The article on よろしくお願いします got me thinking--Japanese communication is littered with exactly that kind of phrase, especially polite and professional communication. What do you do with things like 「貴社ますますご清栄のこととお慶び申し上げます」? Or even 「迷惑をかけます(が)」? What place do they have in an English translation, or do they have a place at all?




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    Of course, it depends on the context and how the phrases fit into the surrounding sentences, but if I can't translate it without an overly awkward result, I usually try to somehow include the meaning, and/or submit the job with a note in the comments. This does make translating snippets hard though, doesn't it? Bailey, what do you do?

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    I think you've hit it right on the head with context. Most of the time, these phrases are included because it's proper format and good manners, and to set the tone of the communication, but they do little or nothing in terms of actual meaning. It becomes really important to distinguish formalities from genuine apologies, for instance (申し訳ございません is of particular note, here--sometimes it's not a real apology at all!).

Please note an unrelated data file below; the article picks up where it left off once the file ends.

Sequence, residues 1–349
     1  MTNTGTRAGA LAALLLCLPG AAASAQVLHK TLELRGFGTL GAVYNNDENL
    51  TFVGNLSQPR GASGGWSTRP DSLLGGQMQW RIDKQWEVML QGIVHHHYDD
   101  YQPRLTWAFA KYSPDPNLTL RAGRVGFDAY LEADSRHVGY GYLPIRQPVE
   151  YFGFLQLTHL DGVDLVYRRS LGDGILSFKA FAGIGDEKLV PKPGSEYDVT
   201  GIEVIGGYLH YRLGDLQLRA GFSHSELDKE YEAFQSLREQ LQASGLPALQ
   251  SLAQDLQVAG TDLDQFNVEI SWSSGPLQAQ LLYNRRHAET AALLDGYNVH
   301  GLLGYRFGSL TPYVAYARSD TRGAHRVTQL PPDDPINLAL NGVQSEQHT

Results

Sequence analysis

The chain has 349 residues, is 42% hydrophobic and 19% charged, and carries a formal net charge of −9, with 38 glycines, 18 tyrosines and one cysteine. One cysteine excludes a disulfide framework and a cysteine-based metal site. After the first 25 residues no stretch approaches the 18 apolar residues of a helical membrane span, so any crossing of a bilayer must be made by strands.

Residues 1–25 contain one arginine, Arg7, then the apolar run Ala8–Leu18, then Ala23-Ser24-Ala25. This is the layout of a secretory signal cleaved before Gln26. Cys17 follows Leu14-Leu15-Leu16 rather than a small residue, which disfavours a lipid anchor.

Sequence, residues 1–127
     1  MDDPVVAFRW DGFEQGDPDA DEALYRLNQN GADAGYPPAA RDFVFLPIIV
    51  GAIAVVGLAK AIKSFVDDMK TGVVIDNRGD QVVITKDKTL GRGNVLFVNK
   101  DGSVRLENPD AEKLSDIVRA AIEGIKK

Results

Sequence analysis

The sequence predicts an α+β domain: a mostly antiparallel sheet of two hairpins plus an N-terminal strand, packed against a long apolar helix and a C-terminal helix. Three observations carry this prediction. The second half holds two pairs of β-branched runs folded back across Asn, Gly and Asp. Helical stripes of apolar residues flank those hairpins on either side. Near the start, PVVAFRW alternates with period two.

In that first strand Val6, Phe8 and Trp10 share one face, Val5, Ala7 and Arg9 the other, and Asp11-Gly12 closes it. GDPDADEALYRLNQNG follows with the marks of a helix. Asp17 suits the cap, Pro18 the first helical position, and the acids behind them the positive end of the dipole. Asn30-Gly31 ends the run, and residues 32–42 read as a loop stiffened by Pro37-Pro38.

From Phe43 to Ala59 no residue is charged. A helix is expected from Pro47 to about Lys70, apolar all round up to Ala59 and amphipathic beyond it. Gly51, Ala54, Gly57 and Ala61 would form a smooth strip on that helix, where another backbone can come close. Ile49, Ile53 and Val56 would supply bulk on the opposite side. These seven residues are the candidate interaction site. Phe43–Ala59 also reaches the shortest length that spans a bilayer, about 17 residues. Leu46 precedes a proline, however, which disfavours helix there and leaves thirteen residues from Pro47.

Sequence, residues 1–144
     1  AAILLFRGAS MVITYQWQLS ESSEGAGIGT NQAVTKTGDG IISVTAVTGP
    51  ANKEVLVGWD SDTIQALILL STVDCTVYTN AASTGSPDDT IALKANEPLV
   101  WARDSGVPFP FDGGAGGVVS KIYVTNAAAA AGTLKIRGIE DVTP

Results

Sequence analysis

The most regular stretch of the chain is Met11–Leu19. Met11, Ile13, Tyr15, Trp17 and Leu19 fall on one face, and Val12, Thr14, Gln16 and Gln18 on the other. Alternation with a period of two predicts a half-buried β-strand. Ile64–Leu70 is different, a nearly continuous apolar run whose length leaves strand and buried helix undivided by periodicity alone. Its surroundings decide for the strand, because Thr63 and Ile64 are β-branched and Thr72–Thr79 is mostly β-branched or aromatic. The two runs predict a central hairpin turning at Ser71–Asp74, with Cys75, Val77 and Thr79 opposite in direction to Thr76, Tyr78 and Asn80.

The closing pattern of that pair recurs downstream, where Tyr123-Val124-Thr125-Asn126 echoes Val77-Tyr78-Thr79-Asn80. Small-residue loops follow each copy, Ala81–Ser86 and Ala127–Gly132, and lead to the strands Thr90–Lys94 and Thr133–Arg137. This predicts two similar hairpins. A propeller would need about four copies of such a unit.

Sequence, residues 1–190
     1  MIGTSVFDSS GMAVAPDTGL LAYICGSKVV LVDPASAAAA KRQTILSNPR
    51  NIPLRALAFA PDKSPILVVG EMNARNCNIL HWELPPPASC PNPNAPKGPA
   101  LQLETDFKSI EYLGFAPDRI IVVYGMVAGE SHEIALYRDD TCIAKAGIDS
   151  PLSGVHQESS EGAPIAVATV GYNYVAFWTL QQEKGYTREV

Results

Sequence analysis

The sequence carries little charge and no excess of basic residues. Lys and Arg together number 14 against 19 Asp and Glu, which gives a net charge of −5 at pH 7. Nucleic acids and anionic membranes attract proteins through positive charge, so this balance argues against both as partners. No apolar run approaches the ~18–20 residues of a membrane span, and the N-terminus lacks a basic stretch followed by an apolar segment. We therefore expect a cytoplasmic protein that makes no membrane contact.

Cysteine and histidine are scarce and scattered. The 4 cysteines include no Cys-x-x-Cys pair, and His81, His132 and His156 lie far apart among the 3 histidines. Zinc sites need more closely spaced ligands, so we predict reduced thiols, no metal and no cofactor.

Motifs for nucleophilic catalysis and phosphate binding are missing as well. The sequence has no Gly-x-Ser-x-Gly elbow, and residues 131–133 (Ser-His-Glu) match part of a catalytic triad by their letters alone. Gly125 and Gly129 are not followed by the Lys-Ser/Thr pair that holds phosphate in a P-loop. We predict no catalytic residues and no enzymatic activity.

When a phrase is obviously there because it's "supposed" to be, but doesn't add anything to the translation, I either gloss over but make sure my English is extra polite, or I work it in in a highly paraphrased fashion. "I trust this letter finds you [or your company] well" is a similarly mostly-contentless but common English formality, and I've used it before to replace a variety of openers. Flavors of 迷惑をかける usually turns into something like "If you could _____, I would be most appreciative," which is somewhere between a tone-paraphrase and an omission, I think.

    Again, just as you say, the take-home is really to be much more sensitive to tone and context than to the surface-level words.

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